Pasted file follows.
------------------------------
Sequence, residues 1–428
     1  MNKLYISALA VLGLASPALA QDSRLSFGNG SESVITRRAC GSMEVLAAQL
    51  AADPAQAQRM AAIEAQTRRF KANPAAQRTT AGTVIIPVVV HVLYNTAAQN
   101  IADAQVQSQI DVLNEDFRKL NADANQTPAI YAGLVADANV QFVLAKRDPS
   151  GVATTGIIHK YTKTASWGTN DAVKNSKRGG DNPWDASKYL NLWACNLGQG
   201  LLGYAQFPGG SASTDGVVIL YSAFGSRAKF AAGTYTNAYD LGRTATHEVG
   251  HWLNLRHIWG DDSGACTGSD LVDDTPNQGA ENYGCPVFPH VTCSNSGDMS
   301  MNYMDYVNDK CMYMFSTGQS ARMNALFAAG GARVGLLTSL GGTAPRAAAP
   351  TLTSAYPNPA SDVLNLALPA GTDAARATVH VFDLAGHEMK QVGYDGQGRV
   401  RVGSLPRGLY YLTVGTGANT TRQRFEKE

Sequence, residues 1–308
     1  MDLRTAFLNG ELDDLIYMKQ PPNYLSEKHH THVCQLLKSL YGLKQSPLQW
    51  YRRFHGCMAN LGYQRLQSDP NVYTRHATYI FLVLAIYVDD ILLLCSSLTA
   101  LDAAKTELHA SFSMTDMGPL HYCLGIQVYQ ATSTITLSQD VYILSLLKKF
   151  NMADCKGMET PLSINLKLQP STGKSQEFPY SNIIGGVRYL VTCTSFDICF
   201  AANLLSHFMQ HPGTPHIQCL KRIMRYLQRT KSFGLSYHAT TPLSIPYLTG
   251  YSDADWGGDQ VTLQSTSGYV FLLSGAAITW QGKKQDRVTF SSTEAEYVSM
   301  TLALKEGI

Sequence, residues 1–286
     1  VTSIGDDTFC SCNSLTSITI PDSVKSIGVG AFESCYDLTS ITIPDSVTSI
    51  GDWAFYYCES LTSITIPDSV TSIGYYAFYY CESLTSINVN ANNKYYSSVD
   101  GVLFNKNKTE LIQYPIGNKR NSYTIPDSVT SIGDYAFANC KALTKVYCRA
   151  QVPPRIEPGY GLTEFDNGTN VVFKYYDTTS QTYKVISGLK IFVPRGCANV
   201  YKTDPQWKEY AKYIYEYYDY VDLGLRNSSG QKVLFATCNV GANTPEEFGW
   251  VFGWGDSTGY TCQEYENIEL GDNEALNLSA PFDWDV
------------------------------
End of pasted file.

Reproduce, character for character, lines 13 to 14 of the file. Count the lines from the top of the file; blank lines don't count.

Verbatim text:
    51  YRRFHGCMAN LGYQRLQSDP NVYTRHATYI FLVLAIYVDD ILLLCSSLTA
   101  LDAAKTELHA SFSMTDMGPL HYCLGIQVYQ ATSTITLSQD VYILSLLKKF